Referring now to FIG. 8, the process for combining FSS and MPSS signals are illustrated. As indicated at 400, the FSS station(s) 10 is/are assigned one or more IP addresses on the forward link 58/34 and the MPSS system(s) is/are assigned one or more IP addresses on the forward link 58/70. In other words, the FSS station 10 is treated as if it were one or more MPSS system(s), e.g. MPSS system 98. As indicated at 404, the FSS station 10 is assigned one or more multiple access codes on the return link 32-62 that have not been assigned to the MPSS system 98 of mobile platform 74 on the return link 78/62. The different main lobe and side lobe energy distributions for the MPSS signals and the FSS signals is taken into account such that the FSS signals have a much higher main lobe 352 energy and much lower side lobes 354 and 356 energies.

As indicated at 406, the MPSS PSD is modeled on the return up link 78 based on the mobile platform antenna 72 that is used. As indicated at 408, the FSS PSD is modeled on the return link up link 32 based on the FSS antenna 30 uses. As indicated at 410, the PSDs of FSS and MPSS signals are summed and tracked for the FSS station 10 and/or MPSS system 98 whose signals are superimposed on the same satellite transponder 38. As indicated at 412, the mix of MPSS system 98 and/or FSS station 10 (MPSS signals vs. FSS signals) on any given transponder is determined such that the interference limits at the neighboring transponders is sufficiently utilized while taking full advantage of the bandwidth and dynamic range of the target transponder. In other words, the main lobe and side lobe energies of the MPSS PSD 360 and the FSS PSD 350 are summed so that the main lobe and the side lobe energies of the PSD aggregate 342 are maximized. Therefore, the maximum allowed PSD aggregate 342 is achieved. From a regulatory point of view, the mixed MPSS and FSS service appears identical to the conventional MPSS service where some of the satellite service systems do not move and have very large antennae with very small side lobes.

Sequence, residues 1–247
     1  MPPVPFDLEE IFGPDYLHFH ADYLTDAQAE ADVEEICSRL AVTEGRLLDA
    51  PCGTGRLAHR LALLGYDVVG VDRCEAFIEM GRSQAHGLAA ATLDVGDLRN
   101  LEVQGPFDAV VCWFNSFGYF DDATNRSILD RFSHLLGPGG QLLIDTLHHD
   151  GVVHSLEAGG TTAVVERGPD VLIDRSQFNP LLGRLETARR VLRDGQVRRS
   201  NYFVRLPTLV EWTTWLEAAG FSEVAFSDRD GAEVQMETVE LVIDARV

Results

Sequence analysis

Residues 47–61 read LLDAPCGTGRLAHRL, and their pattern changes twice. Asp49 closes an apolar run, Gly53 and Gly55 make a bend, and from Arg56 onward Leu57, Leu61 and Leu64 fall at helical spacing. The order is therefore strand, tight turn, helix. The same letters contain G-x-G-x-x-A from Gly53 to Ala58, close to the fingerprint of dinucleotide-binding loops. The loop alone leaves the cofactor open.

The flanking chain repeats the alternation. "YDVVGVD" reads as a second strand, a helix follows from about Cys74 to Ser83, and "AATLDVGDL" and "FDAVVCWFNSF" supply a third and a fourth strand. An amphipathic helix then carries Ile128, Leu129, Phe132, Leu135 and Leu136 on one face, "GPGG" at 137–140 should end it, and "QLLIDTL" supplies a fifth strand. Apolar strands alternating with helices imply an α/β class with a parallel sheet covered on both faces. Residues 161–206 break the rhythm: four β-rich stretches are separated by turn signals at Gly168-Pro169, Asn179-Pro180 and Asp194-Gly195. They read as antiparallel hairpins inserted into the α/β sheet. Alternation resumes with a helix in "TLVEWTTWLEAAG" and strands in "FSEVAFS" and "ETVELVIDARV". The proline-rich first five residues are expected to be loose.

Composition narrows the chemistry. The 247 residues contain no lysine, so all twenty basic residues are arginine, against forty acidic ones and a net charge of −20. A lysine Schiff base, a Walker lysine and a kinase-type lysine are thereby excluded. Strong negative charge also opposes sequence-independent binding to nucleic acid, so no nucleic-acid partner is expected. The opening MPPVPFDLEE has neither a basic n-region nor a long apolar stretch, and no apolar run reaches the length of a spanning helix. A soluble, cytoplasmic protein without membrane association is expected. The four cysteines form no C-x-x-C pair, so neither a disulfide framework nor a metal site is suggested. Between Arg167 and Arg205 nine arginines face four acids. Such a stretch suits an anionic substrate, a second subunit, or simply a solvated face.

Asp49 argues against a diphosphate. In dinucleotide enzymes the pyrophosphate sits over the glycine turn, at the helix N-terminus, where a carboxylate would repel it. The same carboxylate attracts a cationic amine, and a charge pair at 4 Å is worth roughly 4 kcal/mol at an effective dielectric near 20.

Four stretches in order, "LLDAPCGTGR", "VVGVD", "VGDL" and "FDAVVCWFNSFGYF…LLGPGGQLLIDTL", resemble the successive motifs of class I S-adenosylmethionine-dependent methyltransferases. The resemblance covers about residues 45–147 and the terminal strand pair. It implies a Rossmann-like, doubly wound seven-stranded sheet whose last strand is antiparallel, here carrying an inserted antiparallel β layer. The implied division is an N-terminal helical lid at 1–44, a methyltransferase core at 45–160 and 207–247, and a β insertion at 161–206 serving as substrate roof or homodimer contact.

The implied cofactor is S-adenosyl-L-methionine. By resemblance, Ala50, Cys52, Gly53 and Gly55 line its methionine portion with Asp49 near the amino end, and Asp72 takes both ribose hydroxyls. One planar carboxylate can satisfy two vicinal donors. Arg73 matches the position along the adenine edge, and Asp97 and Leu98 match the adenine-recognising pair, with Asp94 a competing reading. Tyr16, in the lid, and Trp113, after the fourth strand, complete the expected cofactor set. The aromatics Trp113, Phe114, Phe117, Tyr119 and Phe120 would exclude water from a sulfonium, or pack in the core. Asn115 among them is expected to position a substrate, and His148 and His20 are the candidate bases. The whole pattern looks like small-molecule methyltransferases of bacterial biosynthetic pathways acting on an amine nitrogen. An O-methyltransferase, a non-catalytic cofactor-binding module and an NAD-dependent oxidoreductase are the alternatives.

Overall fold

Design constraints imposed on MPSS, e.g. AMSS, may lead to more interference than an FSS service would produce. Conversely, an FSS service may have a lower interference profile while using more transponder dynamic range. The communication system according to the present invention allows the mixing of MPSS and FSS services such that transponder dynamic range and interference limits are utilized in the most efficient manner.

Therefore, the present invention utilizes access codes such as CDMA or CRMA to allow a mix of both mobile and fixed services on any given transponder to maximize the allowed interference budget at neighboring satellites. Specifically, mobile antennas are typically small such that the usage of a given transponder can not be maximized with mobile platforms alone, which are interference limited. However, fixed services can be added to the same transponder without appreciably increasing the nearest neighbor interference levels. Accordingly, the present invention superimposes mobile and fixed services upon each other, using different codes, e.g. CDMA or CRMA, in the same angular space and same frequency space. Therefore, the fixed service does not need to use the interference budget allowed by neighboring satellites. Thus, the mobile service, which is interference limited due to antenna size limitations, can utilize the unused FSS interference budget.

Those skilled in the art can now appreciate from the foregoing description that the broad teachings of the present invention can be implemented in a variety of forms. Therefore, while this invention has been described in connection with particular examples thereof, the true scope of the invention should not be so limited since other modifications will become apparent to the skilled practitioner upon a study of the drawings, specification, and following claims.

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Classifications
U.S. Classification455/12.1, 370/342, 370/395.21, 455/427, 370/477, 370/529, 455/13.2, 370/395.41, 370/320, 455/13.3, 370/468, 370/441, 455/430, 455/320, 370/316
International ClassificationH04B7/17, H04B7/185, H04B17/02, H04B7/26
Cooperative ClassificationH04B7/18508, H04B7/18591
European ClassificationH04B7/185S14, H04B7/185B4B